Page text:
0

Can the author of software make it proprietary after making it gpl?

migrated from law.stackexchange.com Jun 16 at 15:48

This question came from our site for legal professionals, students, and others with experience or interest in law.

2

Yes, the author (or whoever holds the copyright) can do as they please, changing the license at will. But only close up later versions, what was distributed under an open source license stays forever open.

Case in point is SSH: It was open source up to version 1, version 2 (clearly a development on version 1) is closed. OpenSSH took version 1 (still open source) and created an extension handling the new protocol, released as open source.

  • 1
    "what was distributed under an open source license stays forever open" I'm not sure that's entirely true. It's perfectly possible for me to take code to which I own the rights, and which I was distributing under (say) GPLv3, and instead start distributing it under a proprietary licence. People who have already got it from me are completely entitled to continue to use it under the terms of GPLv3, and distributing it themselves (under GPLv3) should they wish to. But I am not obliged to continue doing so should I choose not to. However, that's a fine point, and mostly I agree with you. – MadHatter supports Monica Jul 18 at 9:00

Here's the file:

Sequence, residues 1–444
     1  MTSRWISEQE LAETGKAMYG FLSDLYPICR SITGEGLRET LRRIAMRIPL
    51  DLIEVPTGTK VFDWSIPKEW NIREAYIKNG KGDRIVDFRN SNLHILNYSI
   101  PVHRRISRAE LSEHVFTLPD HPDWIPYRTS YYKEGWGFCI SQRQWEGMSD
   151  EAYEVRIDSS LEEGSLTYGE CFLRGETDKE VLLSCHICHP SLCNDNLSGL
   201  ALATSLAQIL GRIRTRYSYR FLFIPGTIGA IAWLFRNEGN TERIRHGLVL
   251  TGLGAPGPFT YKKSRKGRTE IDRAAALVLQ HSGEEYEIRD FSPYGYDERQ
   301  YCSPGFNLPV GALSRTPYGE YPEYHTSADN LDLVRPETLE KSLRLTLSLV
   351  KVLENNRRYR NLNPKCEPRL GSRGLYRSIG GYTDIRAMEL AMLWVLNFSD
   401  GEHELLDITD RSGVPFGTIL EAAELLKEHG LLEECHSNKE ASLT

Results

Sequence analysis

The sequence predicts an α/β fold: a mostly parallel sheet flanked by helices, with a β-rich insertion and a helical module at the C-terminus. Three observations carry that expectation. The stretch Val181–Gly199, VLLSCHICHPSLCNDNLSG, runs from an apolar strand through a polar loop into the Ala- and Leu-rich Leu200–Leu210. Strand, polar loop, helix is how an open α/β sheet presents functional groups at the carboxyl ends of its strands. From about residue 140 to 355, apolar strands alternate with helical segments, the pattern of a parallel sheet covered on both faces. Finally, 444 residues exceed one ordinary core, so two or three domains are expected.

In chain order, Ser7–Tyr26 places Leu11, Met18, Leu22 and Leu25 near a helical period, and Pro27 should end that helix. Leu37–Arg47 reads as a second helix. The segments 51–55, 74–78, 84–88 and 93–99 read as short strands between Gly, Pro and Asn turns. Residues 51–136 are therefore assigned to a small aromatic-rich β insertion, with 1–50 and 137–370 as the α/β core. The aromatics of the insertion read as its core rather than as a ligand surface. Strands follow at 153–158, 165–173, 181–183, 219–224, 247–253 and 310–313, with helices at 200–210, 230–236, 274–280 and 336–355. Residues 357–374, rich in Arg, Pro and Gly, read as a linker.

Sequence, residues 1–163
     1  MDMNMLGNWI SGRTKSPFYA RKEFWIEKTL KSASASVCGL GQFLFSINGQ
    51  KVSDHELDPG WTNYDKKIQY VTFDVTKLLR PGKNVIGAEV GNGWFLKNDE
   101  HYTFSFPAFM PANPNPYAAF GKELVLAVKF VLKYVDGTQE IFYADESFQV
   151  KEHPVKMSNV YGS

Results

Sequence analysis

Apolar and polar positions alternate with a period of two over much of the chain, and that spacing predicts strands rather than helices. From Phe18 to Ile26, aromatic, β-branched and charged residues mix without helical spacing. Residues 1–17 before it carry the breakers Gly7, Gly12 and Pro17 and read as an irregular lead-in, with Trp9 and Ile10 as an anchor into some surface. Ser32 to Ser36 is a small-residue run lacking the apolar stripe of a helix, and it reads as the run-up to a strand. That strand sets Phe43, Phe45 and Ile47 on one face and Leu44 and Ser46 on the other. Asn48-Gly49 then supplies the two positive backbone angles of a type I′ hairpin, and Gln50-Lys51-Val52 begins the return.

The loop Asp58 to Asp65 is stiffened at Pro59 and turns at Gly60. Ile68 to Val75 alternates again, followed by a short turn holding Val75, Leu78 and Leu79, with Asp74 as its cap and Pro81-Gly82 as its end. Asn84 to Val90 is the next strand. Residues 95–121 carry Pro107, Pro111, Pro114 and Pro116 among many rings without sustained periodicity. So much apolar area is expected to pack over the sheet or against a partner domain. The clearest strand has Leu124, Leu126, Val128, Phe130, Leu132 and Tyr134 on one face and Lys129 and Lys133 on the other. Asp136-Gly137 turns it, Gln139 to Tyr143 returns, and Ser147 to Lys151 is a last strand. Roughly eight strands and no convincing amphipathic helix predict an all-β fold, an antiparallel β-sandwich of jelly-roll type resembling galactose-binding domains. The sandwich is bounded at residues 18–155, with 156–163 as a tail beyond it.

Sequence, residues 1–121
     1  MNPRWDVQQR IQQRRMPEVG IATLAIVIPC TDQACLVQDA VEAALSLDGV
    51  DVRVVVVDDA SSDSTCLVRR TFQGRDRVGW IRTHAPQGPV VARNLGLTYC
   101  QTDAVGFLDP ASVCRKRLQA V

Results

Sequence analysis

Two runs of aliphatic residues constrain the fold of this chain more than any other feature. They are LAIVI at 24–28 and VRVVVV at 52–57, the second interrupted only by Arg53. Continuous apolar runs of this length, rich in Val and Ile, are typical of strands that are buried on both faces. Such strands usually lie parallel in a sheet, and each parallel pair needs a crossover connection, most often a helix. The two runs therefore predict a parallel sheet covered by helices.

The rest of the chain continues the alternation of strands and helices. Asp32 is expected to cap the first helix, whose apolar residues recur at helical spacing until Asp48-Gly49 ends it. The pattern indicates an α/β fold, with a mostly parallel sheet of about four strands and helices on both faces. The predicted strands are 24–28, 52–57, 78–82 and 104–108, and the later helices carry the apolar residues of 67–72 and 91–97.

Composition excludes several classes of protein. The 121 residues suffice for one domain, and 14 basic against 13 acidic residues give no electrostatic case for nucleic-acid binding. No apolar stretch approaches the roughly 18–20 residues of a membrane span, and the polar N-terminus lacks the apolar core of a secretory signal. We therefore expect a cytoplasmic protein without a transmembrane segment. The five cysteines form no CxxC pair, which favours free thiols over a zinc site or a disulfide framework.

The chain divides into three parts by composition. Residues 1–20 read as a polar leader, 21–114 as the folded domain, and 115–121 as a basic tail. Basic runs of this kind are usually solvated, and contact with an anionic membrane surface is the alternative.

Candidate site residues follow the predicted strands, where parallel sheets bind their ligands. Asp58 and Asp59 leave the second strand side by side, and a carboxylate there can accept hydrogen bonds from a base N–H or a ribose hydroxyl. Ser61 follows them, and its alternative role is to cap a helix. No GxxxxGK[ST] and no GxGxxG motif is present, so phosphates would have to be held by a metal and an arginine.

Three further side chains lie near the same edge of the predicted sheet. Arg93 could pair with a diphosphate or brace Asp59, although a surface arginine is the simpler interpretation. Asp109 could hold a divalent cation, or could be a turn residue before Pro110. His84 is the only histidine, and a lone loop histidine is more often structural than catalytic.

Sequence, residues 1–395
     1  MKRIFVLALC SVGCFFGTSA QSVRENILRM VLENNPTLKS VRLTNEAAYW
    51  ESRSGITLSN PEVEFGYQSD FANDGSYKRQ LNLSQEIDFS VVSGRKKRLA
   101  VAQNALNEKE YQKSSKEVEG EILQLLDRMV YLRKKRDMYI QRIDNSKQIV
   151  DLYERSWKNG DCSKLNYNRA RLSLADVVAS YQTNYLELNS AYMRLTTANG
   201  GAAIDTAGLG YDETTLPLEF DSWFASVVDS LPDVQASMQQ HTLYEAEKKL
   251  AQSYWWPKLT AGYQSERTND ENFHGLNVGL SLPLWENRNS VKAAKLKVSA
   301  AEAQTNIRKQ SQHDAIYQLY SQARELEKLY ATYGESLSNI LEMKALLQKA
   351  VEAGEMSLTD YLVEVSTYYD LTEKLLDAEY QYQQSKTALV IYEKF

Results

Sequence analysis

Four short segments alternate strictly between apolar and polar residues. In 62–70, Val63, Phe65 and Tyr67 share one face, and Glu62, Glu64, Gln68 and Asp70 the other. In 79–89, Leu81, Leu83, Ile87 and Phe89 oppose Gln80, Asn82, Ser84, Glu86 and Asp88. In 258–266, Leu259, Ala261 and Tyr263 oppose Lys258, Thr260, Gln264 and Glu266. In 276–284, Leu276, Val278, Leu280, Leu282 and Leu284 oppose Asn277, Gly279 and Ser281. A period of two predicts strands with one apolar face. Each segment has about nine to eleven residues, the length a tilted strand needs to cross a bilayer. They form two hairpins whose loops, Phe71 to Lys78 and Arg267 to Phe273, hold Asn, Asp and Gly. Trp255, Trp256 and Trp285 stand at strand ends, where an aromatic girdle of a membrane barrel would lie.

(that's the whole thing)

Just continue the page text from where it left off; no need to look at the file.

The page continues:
• @MadHatter, a license gives the recipient certain rights (in the open source license cases, it includes the perpetual right yo modify and distribute). The author can't just take that away. – vonbrand Aug 4 at 14:58
  • The author (well, rightsholder) can't take that away from people to whom (s)he has already given it, I agree - but (s)he is completely free to stop giving those rights to future recipients of the code. – MadHatter supports Monica Aug 4 at 15:06
  • @MadHatter, if someone got the right to redistribute, they can still do so. If I decide not to distribute directly anymore makes no difference. – vonbrand Aug 4 at 15:09
  • I completely agree there's no practical difference, assuming you (wanting a copy of the code under the original licence) can find an earlier recipient thereof, and they agree to give you a copy. It's a fine point I'm making, as I think I've said already - but to say the rightsholder can "only close up later versions" is, at least, ambiguous. Some people think that once you've distributed foo-1.1.1a under GPL you are obliged always to do so, and that's simply not so. – MadHatter supports Monica Aug 4 at 15:16

Your Answer

By clicking “Post Your Answer”, you agree to our terms of service, privacy policy and cookie policy